Over the years, we’ve seen many characters cross-dress in the movies for various reasons. Jack Lemmon and Tony Curtis pretended to be female musicians to escape gangsters in “Some Like It Hot.” Dustin Hoffman went dowdy to become a soap opera diva in “Tootsie.”Barbra Streisand concealed her femininity to become a Talmud scholar in “Yentl,” while Julie Andrews disguised herself as an upscale drag queen in “Victor/Victoria.” And let’s not forget Jaye Davidson playing “The Crying Game.”
Glenn Close takes her turn at being a temporary transvestite in “Albert Nobbs,” in which she plays an abandoned Irishwoman, circa 1900. The ersatz Albert chose to dress in manly garb as a teenager after surviving a gang rape; three decades later, she is still pretending. All the world’s a stage, and Albert must always remain in character, even though she’s painfully miscast.
Although the set-up might seem to promise wackiness, “Nobbs” is a mostly dour, solemn, quiet little film, shot by director Rodrigo Garcia in subdued, dullish colors that echo its heroine’s attempts to remain hidden in plain sight.
The screenplay — based on George Moore’s story “The Singular Life of Albert Nobbs,” which, in turn, was the basis for a play Close starred in back in 1982 — theorizes that Albert’s strategy was not uncommon in the day. The movie speculates that there was a thriving underground community of outcast women and lesbians obscuring their identities to live and work in the male-dominated, largely Catholic-centric world of early 20th-century Dublin.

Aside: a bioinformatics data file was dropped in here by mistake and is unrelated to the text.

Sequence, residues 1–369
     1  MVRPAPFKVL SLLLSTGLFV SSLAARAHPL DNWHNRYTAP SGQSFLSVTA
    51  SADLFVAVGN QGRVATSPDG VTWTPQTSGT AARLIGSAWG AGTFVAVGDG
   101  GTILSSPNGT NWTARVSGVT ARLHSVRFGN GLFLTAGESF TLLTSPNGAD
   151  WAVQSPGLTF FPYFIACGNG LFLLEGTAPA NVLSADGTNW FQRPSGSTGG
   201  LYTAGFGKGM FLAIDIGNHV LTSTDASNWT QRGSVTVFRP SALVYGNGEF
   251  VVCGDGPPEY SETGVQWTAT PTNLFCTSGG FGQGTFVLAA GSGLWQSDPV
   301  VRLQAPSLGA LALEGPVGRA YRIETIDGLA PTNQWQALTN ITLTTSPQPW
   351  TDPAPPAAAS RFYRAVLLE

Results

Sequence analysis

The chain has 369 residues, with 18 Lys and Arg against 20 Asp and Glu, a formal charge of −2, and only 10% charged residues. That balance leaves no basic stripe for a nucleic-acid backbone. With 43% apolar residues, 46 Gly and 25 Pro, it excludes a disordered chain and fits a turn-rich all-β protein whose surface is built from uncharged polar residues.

It’s an intriguing idea, but the potential for a truly provocative scenario is diluted because, 1) almost every male character in the film is loathsome, abusive or cold, and 2) its central figure is so passive and one-note. Granted, this is perfectly credible behavior given the context of the action; unfortunately, it also robs the story of its spark. In “Yentl,” Streisand had to rein herself in to play a mousy student, but the character’s insights and opinions burst through in songs that provided a lively commentary track. Albert has no such expressive outlet, and watching someone fervently suppress emotion for two hours does not exactly make for dynamic drama, even though Close’s performance is enormously sincere and meticulously measured: She clearly loves being able to make every minor gesture, every twitch into something significant.
Yet Close’s star vehicle ends up being hijacked by the tag team of Janet McTeer and Mia Wasikowska. As the snippy, frisky maid who catches Albert’s eye and hopes to get a hold of his bank account, Wasikowska is tart and lively, a prepossessing beauty with more ambition (and avarice) than seductive skill. McTeer, with her riveting, headlight-bright eyes and captivating screen presence, rips through the movie like a tremor in a tearoom: Playing Hubert Page, a rough-edged sort who shares Albert’s secret — and has a few of her own — McTeer dares you not to watch her and defies you not to care about Hubert’s predicament. So “Albert Nobbs” splits down the middle, as McTeer demands your attention while Close politely and apologetically requests it, if you might possibly have the time to spare. Who wins the contest is hardly surprising.